Darjeeling: The globally popular Darjeeling Himalayan Hill-way train services may be stopped. Once the train was taken precious tea from the foothills of the mountains to the teapots of the global people. But now it’s becoming a victim of the colossal inefficiency of the state-running system and has been facing a slow extinction through neglect.
The elevated 48 mile (88 km) long rail line was built during the British rule in 1879. But now, it is said that the train service is an absolute loss-making venture and appears as an aversion to the political bother of closure.
The worn and stripped carriages having smoked plastic windows are so scratched and almost opaque. They can be opened by sliding from the back.
The steam locomotives which are used to pull the trains have more charm than their carriages, even though they are now more than 100 years old. They are now in need of expert and tender care rather than desperate emergency repairs.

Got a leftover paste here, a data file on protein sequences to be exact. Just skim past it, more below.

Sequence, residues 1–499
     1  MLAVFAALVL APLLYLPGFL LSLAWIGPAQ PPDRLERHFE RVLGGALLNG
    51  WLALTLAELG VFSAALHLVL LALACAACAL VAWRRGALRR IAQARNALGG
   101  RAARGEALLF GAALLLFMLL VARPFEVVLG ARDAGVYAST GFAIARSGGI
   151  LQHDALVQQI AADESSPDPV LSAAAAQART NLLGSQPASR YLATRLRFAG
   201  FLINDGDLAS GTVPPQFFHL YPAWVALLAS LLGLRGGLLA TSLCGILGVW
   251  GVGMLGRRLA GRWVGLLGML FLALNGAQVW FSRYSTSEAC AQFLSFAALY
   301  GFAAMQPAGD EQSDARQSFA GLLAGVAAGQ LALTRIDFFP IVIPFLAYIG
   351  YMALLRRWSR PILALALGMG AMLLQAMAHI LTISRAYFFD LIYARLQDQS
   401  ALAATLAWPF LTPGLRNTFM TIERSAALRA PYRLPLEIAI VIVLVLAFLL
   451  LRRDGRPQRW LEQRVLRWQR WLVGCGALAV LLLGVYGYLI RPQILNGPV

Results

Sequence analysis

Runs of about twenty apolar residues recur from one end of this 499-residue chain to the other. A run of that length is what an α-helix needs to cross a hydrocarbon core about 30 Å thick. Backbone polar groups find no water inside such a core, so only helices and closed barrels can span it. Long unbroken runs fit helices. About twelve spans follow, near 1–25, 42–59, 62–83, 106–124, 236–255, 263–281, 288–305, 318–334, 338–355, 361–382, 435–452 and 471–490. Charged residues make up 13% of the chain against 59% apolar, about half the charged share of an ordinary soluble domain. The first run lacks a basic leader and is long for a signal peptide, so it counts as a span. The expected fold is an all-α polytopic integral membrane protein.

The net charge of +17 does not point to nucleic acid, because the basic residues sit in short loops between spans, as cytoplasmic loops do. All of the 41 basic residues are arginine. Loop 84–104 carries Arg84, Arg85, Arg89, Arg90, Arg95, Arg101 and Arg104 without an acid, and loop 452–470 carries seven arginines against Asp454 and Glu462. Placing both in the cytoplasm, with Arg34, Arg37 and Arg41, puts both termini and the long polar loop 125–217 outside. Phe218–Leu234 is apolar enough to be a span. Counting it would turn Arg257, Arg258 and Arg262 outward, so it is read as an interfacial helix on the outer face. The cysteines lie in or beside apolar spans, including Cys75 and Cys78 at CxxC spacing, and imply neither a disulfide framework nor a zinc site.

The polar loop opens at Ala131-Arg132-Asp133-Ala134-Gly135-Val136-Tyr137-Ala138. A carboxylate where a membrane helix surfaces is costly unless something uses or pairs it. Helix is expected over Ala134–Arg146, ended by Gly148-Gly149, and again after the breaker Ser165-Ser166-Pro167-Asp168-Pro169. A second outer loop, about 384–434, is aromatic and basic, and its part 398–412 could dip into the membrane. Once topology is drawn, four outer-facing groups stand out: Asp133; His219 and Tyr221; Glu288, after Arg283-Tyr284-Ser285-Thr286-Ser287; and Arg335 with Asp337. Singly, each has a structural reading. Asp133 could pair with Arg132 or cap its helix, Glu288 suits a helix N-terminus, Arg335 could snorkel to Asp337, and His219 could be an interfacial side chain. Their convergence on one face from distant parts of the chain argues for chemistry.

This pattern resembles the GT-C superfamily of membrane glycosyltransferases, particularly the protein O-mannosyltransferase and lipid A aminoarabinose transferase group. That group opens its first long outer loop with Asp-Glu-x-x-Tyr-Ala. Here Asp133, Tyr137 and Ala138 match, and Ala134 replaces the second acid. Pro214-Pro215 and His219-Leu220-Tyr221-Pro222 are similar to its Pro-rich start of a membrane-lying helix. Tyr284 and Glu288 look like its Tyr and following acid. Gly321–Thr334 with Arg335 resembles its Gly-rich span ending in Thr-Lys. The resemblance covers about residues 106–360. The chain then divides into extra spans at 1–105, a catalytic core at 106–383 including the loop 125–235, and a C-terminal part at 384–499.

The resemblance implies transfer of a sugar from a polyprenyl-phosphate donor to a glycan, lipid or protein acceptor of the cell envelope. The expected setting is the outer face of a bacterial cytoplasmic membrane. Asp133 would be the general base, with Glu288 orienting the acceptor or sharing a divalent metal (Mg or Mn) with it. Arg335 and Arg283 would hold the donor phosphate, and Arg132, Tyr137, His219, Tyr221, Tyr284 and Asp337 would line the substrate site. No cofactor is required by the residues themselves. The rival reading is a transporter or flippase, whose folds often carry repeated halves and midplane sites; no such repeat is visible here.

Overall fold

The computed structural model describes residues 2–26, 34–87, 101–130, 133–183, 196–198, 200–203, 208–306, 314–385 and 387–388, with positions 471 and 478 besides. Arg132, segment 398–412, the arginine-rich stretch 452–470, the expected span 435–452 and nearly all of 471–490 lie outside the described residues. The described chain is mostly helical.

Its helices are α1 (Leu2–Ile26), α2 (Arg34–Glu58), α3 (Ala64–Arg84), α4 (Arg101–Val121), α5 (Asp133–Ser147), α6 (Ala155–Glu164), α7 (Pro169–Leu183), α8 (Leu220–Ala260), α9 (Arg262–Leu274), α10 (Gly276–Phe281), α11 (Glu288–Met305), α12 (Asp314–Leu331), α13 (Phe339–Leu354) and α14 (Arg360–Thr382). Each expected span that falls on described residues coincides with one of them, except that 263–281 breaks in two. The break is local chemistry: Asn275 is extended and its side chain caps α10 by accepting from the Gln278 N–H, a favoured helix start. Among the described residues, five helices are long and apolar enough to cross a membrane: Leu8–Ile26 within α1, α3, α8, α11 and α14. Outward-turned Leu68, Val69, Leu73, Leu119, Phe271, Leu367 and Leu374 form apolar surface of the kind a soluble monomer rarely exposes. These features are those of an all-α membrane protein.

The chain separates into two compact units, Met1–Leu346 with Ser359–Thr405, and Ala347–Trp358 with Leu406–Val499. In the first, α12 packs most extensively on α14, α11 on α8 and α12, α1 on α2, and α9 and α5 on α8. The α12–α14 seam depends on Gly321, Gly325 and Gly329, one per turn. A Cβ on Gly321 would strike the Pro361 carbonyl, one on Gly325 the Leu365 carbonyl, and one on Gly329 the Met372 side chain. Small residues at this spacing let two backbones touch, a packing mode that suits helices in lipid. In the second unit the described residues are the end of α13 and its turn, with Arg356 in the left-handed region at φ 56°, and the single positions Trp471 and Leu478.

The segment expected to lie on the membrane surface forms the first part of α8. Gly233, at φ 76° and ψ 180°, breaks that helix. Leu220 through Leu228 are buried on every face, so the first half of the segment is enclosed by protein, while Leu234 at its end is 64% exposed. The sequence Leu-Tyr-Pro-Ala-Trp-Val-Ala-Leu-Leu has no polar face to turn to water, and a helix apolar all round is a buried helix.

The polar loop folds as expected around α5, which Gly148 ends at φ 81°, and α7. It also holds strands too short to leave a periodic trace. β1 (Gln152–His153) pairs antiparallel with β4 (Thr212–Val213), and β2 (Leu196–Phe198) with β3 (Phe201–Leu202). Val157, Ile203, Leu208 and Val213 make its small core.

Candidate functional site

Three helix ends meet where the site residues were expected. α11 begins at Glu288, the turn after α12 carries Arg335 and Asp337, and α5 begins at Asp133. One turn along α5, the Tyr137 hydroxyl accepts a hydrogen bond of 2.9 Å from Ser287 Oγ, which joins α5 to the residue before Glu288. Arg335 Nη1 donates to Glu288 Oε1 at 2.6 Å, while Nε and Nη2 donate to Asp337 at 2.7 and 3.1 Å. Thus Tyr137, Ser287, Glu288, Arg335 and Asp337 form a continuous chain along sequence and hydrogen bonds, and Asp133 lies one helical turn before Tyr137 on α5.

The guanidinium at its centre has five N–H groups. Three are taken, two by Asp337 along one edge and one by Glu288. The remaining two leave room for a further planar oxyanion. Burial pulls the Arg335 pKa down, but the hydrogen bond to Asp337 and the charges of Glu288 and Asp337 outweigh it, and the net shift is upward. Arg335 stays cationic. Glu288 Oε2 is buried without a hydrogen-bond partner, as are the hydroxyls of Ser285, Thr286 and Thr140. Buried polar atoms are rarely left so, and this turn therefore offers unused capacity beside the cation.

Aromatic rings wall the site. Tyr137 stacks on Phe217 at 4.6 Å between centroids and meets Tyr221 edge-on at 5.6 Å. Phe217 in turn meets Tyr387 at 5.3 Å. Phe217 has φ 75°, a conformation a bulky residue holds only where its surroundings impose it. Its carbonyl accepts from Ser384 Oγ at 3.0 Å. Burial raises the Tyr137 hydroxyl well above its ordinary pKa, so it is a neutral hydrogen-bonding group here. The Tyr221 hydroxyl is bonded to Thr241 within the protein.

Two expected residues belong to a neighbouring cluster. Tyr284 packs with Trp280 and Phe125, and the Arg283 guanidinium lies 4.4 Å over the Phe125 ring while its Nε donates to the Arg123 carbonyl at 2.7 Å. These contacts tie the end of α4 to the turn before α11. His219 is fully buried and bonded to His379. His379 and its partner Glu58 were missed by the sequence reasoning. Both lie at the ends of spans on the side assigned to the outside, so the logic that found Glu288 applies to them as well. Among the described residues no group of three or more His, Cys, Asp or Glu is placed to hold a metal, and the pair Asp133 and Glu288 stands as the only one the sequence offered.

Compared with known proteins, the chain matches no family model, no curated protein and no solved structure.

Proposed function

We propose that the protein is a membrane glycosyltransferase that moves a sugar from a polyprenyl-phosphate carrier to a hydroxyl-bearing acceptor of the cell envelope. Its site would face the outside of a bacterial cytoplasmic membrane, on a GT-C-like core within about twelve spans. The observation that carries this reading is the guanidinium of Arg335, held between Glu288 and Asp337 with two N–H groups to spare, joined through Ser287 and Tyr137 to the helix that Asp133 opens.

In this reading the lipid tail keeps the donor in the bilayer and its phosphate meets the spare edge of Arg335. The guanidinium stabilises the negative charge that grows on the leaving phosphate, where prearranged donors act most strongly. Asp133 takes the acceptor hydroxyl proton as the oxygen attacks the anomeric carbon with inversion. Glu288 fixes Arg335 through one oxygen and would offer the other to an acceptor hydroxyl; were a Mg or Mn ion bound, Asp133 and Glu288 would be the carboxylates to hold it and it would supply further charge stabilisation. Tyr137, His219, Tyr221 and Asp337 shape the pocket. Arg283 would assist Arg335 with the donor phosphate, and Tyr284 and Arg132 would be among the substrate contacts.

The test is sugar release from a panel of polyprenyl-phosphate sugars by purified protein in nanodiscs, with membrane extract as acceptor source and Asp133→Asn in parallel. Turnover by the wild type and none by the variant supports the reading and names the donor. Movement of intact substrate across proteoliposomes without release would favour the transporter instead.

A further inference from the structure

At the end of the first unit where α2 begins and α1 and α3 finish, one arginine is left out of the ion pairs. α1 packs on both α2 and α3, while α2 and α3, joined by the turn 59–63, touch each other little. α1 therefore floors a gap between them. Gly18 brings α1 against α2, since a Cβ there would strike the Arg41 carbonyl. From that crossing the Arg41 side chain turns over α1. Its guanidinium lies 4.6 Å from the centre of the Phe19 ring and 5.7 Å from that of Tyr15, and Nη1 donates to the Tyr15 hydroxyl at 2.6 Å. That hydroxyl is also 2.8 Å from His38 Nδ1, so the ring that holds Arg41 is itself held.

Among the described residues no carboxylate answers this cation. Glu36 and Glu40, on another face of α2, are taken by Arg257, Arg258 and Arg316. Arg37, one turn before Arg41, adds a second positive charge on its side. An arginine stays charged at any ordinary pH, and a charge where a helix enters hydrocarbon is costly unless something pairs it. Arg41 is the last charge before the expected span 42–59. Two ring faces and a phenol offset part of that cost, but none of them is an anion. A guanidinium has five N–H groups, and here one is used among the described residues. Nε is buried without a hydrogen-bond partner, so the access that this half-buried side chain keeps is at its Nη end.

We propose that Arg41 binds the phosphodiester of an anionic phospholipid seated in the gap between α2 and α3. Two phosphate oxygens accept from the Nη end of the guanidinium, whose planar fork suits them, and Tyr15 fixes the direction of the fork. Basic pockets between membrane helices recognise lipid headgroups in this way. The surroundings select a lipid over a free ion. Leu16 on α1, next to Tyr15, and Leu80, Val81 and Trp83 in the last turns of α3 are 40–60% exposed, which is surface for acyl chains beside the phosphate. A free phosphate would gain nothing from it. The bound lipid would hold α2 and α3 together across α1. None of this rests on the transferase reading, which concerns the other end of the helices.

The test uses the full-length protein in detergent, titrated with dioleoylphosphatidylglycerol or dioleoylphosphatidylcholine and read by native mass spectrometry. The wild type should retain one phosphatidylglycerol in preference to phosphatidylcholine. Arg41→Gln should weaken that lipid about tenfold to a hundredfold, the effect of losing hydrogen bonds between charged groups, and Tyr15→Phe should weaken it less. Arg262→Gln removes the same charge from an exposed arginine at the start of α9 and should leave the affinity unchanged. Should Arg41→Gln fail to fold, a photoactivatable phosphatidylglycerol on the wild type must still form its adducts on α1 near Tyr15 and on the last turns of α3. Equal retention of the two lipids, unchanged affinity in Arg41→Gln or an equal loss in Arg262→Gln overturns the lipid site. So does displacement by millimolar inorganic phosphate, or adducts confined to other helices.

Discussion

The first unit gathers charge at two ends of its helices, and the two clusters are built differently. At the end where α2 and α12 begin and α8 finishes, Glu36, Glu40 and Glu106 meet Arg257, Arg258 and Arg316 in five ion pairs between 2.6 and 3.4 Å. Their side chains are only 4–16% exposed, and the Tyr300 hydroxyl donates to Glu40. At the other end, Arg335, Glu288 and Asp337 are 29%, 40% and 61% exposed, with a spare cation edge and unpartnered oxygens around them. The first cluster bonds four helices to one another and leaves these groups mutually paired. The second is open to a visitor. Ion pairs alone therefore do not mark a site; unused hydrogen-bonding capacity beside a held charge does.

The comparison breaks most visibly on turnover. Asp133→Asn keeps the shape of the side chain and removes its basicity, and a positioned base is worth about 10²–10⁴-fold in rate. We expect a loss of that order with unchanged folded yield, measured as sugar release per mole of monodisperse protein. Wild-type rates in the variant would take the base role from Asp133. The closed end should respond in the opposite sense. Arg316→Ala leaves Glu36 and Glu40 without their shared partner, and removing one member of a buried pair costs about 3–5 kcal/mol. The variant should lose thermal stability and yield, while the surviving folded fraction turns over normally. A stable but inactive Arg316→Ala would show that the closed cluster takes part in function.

An erratic diesel service, ironically with more tourist friendly windows, continues on a further 16 miles (26 km) to the town of Kurseong. But there is only one such train in a day for the journey down to the plains and also for the connection to the main line.
The section had been closed for several years until March this year because of landslide.
The reality is that the railway is absconding from being invested for the
development of the rail traffic here. In the engineering workshop, ancient lathes and machine tools are lying idle or as broken. The skilled hands to use them are retired workers, as few of them are replaced to meet the emergency requirements.
It is really sorry to note that such a wonderful as well as spectacular railway line in the world is going to be extinct.
Video on Darjeeling Himalayan Railway